The Importance of Curiosity as an IT Skill

Be on the lookout for IT job candidates who truly enjoy the work and are hyper-curious about how specific technologies function at a granular level. Don’t just focus on ticking off boxes.

Andrew Froehlich, President & Lead Network Architect, West Gate Networks

June 8, 2022

3 Min Read
Multiethnic group of young IT employees looking at computer monitor and discussing something while sitting in modern open space.
Dmytro Sidelnikov via Alamy Stock

Too often, recruiters and IT managers focus on new hire candidates that tick specific boxes such as formal education, certifications, and work history. While these are all important factors to a degree, solely targeting these traits will not get you the best candidates in my experience. Instead, what I’ve found is that the best employees are those who truly enjoy the work and are hyper-curious about how specific technologies function at a granular level.

Curiosity: Why Is It the 'X Factor'?

Anyone who has ever spent time in the world of IT engineering or support knows the importance of research. Too often, IT staff will run up against vendor, consultant, or colleague statements like “this tool can’t do that,” or “that’s not an option.” However, there are those who go the extra mile when it comes to researching a digital tool or service to understand precisely what can or cannot be accomplished. To these people, they see it as a challenge and will seek out-of-the-box ideas when it comes to figuring out a solution to a specific business problem that can be solved with technology.

Even if a solution cannot be found (which is often the case, given the limitations of technologies), that extra bit of curiosity that drove this person to put in extra research will have a deeper understanding of the technology platform or service and can leverage that in the future. Additionally, it shows that these are the types of employees that are adaptable to change and are willing to work on technical tasks that may be outside of their comfort zone. Thus, when problems arise, it’s more likely that these are the staff you’ll be able to lean on to find a solution.

I’ve personally spent countless hours going down various technology rabbit holes in pursuit of technical solutions that are either not well-documented or even considered by the technology creator. While on the surface many of these ventures seemingly were fruitless, looking back, I feel that this type of curiosity sharpened my ability to think through complex problems. This finely tuned skill can then be applied to other aspects of IT that will be relevant to the business, including troubleshooting and IT architecture.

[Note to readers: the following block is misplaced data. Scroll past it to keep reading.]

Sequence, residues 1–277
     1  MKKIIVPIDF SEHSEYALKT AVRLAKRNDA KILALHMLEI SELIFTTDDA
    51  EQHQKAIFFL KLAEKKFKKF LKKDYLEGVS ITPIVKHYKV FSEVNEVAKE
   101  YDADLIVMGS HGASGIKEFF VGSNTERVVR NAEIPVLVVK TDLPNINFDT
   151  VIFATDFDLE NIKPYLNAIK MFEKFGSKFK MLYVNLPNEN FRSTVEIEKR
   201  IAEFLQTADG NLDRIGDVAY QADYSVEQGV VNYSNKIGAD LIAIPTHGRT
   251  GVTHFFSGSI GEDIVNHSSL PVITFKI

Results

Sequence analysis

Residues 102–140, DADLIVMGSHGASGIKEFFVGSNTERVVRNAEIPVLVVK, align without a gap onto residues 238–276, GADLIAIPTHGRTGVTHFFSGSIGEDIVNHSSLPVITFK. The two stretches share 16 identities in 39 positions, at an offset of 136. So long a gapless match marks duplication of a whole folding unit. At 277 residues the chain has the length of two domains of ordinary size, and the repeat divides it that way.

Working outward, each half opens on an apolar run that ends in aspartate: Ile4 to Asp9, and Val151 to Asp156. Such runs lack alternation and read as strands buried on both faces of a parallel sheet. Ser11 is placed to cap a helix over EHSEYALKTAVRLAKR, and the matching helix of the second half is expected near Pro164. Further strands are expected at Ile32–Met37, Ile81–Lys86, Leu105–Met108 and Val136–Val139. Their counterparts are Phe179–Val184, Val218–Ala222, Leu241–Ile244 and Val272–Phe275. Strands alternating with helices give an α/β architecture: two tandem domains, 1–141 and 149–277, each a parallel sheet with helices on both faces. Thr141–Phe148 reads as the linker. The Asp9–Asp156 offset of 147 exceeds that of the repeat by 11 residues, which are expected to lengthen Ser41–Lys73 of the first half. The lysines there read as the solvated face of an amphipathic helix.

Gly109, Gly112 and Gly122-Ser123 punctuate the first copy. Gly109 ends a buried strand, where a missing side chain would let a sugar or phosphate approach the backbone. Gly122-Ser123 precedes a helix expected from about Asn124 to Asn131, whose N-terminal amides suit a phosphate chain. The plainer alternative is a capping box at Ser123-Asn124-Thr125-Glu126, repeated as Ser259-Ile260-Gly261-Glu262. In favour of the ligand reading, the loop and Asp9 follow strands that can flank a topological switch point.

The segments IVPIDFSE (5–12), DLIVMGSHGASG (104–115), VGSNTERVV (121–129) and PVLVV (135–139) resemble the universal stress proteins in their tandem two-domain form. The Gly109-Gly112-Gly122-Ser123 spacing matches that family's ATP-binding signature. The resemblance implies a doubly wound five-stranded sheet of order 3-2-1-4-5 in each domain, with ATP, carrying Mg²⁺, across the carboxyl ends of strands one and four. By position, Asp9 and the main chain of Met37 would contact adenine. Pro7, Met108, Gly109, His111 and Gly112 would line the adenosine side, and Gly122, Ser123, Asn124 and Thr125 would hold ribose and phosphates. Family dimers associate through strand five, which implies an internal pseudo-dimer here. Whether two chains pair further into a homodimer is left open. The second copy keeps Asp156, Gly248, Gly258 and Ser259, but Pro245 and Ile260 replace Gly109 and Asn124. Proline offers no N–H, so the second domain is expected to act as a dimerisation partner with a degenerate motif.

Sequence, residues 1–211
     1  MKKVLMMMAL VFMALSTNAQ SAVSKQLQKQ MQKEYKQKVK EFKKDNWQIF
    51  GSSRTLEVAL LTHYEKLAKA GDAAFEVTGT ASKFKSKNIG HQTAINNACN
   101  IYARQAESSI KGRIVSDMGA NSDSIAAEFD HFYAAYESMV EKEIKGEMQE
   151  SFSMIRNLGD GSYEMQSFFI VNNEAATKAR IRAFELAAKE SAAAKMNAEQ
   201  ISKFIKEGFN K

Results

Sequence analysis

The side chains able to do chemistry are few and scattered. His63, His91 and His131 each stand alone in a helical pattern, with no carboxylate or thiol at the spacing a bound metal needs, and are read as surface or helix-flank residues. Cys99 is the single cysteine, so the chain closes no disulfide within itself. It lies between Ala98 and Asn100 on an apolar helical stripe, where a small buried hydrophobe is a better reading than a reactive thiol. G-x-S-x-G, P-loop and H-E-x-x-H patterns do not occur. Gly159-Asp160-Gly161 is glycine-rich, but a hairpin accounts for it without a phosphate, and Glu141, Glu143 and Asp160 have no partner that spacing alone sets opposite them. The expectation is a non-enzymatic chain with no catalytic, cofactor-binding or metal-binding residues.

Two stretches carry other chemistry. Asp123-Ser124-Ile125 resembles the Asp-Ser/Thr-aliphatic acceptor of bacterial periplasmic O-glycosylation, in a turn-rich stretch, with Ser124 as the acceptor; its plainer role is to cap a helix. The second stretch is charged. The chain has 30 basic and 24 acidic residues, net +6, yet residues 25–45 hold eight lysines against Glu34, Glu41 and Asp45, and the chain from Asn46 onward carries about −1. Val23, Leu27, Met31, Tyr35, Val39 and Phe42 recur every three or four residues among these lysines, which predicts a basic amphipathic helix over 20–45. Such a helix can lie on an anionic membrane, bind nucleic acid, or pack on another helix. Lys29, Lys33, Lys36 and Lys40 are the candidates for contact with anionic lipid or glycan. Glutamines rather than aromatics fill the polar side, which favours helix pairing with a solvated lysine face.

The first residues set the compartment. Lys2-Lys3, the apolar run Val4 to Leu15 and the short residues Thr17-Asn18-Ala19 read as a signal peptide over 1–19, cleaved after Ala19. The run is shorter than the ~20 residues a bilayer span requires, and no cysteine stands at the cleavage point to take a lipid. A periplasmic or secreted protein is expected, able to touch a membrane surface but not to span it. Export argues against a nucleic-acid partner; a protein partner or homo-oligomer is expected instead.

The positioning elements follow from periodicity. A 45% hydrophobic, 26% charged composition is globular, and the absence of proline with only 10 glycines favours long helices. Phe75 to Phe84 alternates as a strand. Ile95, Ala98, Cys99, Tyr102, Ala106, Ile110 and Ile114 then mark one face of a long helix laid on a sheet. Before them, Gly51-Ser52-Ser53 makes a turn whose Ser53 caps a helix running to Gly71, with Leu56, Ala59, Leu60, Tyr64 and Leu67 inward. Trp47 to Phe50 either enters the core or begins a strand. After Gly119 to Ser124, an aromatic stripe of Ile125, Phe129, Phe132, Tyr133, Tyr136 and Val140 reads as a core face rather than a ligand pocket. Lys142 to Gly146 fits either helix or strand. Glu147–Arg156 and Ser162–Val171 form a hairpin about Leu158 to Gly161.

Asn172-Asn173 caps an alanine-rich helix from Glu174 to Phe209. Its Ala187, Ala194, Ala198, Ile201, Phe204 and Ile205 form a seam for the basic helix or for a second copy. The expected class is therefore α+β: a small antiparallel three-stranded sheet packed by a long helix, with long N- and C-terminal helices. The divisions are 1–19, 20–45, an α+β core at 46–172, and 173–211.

Promoting Curiosity on Your Resume

While it’s unlikely that recruiters will stop keying in on specific technical skills and certifications as their main method of identifying qualified candidates, job seekers should work to find ways to include mentions that suggest they are passionate and curious about technology. One way that I’ve found works well is to include a couple of examples of an enterprise technology I’ve worked on and how a problem was solved in a unique way. This may be a situation where I combined multiple technologies together, the use of a brand-new feature that was not well-documented or another unique implementation method.

The goal is to let it be known that I was interested enough to go beyond what others may have done to find a solution. The hope is that those reading these "curiosity use cases" will become curious themselves -- and that curiosity would be strong enough for my resume to bubble to the top.

IT Roles Where Curiosity Is Paramount

While curiosity is a trait that is desirable across all IT disciplines, the role of engineer or architect is where it shines the most. In a perfect world, architects would use best-practice implementations that are outlined by the technology developer. However, considering how vastly different one IT infrastructure is from another based on business goals, best practices cannot always be followed. Thus, creative ways of integrating new technology solutions are often required. It’s in this space where curious minds work best -- and business leaders would be wise to seek those that excel at it.

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About the Author(s)

Andrew Froehlich

President & Lead Network Architect, West Gate Networks

Andrew has well over a decade of enterprise networking under his belt through his consulting practice, which specializes in enterprise network architectures and datacenter build-outs and prior experience at organizations such as State Farm Insurance, United Airlines and the University of Chicago Medical Center. Having lived and worked in South East Asia for nearly three years, Andrew possesses a unique international business and technology perspective. When he's not consulting, Andrew enjoys writing technical blogs and is the author of two Cisco certification study guides published by Sybex.

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